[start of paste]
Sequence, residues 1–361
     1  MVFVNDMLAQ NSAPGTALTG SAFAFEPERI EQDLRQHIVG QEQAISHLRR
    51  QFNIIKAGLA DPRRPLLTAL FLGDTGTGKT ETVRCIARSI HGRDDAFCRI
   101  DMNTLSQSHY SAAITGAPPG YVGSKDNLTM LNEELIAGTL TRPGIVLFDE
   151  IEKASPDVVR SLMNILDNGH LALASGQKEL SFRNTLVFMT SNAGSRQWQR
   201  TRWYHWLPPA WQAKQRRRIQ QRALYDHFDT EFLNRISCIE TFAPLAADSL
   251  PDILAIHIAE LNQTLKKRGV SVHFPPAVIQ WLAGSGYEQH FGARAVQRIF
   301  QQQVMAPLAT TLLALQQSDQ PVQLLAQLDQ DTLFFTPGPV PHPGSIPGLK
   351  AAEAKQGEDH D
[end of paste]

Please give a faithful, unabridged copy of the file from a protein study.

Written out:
Sequence, residues 1–361
     1  MVFVNDMLAQ NSAPGTALTG SAFAFEPERI EQDLRQHIVG QEQAISHLRR
    51  QFNIIKAGLA DPRRPLLTAL FLGDTGTGKT ETVRCIARSI HGRDDAFCRI
   101  DMNTLSQSHY SAAITGAPPG YVGSKDNLTM LNEELIAGTL TRPGIVLFDE
   151  IEKASPDVVR SLMNILDNGH LALASGQKEL SFRNTLVFMT SNAGSRQWQR
   201  TRWYHWLPPA WQAKQRRRIQ QRALYDHFDT EFLNRISCIE TFAPLAADSL
   251  PDILAIHIAE LNQTLKKRGV SVHFPPAVIQ WLAGSGYEQH FGARAVQRIF
   301  QQQVMAPLAT TLLALQQSDQ PVQLLAQLDQ DTLFFTPGPV PHPGSIPGLK
   351  AAEAKQGEDH D